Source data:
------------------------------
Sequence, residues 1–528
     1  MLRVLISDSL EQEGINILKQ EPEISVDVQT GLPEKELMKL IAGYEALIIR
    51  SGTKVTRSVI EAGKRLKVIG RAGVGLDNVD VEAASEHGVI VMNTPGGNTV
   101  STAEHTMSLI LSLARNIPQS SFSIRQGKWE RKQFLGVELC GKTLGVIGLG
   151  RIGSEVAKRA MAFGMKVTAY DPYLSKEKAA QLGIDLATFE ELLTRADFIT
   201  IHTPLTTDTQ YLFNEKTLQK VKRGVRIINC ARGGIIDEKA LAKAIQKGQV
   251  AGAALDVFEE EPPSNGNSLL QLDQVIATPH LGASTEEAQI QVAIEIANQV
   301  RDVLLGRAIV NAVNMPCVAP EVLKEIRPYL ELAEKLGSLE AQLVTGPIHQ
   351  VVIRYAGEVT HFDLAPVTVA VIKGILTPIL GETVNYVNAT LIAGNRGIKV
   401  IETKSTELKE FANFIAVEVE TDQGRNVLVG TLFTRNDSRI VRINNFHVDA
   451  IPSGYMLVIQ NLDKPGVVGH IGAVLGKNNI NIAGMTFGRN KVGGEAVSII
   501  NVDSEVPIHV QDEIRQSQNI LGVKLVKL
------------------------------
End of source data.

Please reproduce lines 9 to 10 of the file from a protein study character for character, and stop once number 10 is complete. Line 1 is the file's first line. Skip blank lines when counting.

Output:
   351  VVIRYAGEVT HFDLAPVTVA VIKGILTPIL GETVNYVNAT LIAGNRGIKV
   401  IETKSTELKE FANFIAVEVE TDQGRNVLVG TLFTRNDSRI VRINNFHVDA